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Islanders sell out two screenings of documentary film at Lynwood Theatre
Extreme poverty is not an issue that many people would associate with Bainbridge Island. But islanders have proved effective in helping spread awareness of it.
The documentary film, “Into Poverty: Living on One Dollar,” tells the story of Ryan Christoffersen, Sean Leonard, Zach Ingrasci and Chris Temple as they live on only $1 each day in rural Guatemala.
The film held its initial screening on Bainbridge Island to a packed house, and then some.
“It was very successful,” said Chris Temple, one of the film makers. “It was phenomenal to see the response from the community.”
“A few people came up and gave Zach and I hugs,” he added. “There were a lot of tears and it was an emotional night for us.”
The island community came out in support of the documentary film that tells the story of impoverished Guatemalans, yet has its roots on Bainbridge Island.
Temple met islander Zach Ingrasci while attending Claremont McKenna College in Claremont, Calif. Ingrasci, who graduated from Bainbridge High School in 2008, brought fellow BHS graduate Sean Leonard (also BHS class of 2008) and Ryan Christoffersen, BHS class of 2007, on board with the film project.
In 2010, after observing a lack of media focused on extreme poverty that related to their generation, the four students decided to do something about it. They made their own film — despite being economic development majors, and not film makers.
Christoffersen, Leonard, Ingrasci and Temple spent 56 days in Peña Blanca, Guatemala over their 2010 summer vacation. They documented their experience from budgeting to falling ill — Ingrasci and Temple became sick from e. coli and Giardia. The two sick American’s lasted 10 days before breaking their experience by taking medication they brought in case of an emergency.
Through their lens, and the device of placing themselves in the situation, they were able to pan out and show the reality of what approximately 1.1 billion people experience world wide — living on only one dollar a day. Audiences are introduced to the genuine faces of poverty.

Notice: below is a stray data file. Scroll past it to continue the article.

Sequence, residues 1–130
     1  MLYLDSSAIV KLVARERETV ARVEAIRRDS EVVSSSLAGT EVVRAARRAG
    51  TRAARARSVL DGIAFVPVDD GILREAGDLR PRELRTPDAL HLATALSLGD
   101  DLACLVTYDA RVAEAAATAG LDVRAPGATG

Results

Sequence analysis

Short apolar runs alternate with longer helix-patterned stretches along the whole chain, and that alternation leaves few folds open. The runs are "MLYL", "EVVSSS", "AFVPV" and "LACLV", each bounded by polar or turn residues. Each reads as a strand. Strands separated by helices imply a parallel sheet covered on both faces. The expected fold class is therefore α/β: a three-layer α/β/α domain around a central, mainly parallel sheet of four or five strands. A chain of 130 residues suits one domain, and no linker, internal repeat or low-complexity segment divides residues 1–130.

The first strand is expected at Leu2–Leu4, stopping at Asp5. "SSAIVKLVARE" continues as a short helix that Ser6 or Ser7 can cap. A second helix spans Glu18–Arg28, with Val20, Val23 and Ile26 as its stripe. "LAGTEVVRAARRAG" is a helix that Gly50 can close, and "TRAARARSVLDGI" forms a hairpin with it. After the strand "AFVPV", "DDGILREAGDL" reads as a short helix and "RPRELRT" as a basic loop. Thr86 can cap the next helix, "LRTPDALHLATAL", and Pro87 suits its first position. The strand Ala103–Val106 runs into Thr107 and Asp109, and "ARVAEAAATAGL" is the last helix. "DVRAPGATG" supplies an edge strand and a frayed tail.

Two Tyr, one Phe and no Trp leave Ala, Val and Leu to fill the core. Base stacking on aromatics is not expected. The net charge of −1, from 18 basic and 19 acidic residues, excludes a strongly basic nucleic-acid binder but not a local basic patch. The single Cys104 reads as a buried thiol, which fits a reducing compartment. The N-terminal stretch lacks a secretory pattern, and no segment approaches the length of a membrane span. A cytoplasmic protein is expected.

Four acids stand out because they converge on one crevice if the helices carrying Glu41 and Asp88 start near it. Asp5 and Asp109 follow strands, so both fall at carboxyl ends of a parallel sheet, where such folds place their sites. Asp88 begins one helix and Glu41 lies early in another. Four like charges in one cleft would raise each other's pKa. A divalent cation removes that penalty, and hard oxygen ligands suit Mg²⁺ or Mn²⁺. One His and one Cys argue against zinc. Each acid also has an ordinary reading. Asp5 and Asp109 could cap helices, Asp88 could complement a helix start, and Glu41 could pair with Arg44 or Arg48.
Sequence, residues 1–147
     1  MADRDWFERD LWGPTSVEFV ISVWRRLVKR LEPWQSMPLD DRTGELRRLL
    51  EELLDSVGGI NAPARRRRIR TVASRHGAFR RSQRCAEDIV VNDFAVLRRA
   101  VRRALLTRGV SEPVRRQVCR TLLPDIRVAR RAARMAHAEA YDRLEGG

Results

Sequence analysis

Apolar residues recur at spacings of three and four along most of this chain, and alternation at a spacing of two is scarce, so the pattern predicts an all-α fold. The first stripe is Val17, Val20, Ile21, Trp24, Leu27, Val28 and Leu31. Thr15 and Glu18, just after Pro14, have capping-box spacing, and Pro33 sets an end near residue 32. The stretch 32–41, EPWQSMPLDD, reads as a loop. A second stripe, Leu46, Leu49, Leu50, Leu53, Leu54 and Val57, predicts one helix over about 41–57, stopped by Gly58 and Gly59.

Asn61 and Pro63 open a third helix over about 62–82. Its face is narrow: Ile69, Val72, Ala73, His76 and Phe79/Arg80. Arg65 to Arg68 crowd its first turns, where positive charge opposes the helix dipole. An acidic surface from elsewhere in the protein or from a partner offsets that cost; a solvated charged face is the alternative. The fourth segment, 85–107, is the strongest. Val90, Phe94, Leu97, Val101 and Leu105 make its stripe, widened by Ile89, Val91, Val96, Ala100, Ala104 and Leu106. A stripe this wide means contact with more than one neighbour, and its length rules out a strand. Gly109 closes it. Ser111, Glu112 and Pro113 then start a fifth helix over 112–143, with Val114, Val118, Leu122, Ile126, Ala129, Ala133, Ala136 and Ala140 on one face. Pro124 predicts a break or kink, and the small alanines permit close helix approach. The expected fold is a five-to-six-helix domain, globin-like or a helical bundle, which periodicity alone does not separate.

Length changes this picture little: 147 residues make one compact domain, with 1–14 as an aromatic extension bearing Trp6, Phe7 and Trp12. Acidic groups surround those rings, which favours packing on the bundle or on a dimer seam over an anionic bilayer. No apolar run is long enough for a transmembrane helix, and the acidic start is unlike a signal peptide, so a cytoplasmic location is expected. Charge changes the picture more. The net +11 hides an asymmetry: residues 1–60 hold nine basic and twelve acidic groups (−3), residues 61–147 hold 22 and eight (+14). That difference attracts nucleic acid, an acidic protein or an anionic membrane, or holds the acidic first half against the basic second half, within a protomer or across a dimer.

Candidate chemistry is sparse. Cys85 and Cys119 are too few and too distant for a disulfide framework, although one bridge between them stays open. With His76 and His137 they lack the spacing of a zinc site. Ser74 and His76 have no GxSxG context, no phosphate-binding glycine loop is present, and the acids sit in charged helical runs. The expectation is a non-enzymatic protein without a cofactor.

Two years later, they formed a nonprofit, Living on One, to carry the film and the message to audiences. Using Bainbridge Island as a base of operations, they completed their film and organized their nonprofit.
On Saturday, Aug. 26 the now-graduated college students premiered their documentary at the Lynwood Theatre on Bainbridge Island.
It was a hit. Originally, only one screening was scheduled for 4:45 p.m. that day, but after the show quickly sold out, and nearly 90 additional people remained eager to view the documentary, the theater cleared its schedule and added an additional screening later that night.
“We sold about 350 tickets because of the extra showing,” Temple said.
The novice film makers also met audience members at the Treehouse Cafe in Lynwood, answering questions and taking donations for the tour.
“People pitched in whether it was $10 or $5,” Temple said. “This whole thing has been a grassroots journey and people have helped. We are so thankful for what they’ve given us.”
“The money is going to this movement to engage young people and fight extreme poverty,” he added.
The premiere’s goal was to raise money to tour the film through America’s colleges and universities, raising awareness of the issue. The end of the tour will take the film to Guatemala City and ultimately to Peña Blanca where there four young men filmed the project.
The Living on One group will take the tour in a 1978 red school bus from state to state. Their website will soon show updates from the film’s tour.
Through the tour, Living on One hopes to not only spread the word, but make a point.
“We are hoping to get media attention when we go around and demonstrate to networks that young people are engaging with this film,” Temple said. “We believe it is such an important message to share.”
If enough folks take notice, the documentary will hopefully be available for online distribution, and even for people to own a copy.
“After this tour hopefully we can secure a distribution channel,” Temple said.
Temple said that the Living on One team is grateful for the Bainbridge Island support they have received.
“I just want to give a personal ‘thank you’ from our whole team to the (island) community for what they’ve given us,” Temple said. “The community has really helped make this possible and we hope to raise awareness about extreme poverty in a new way.”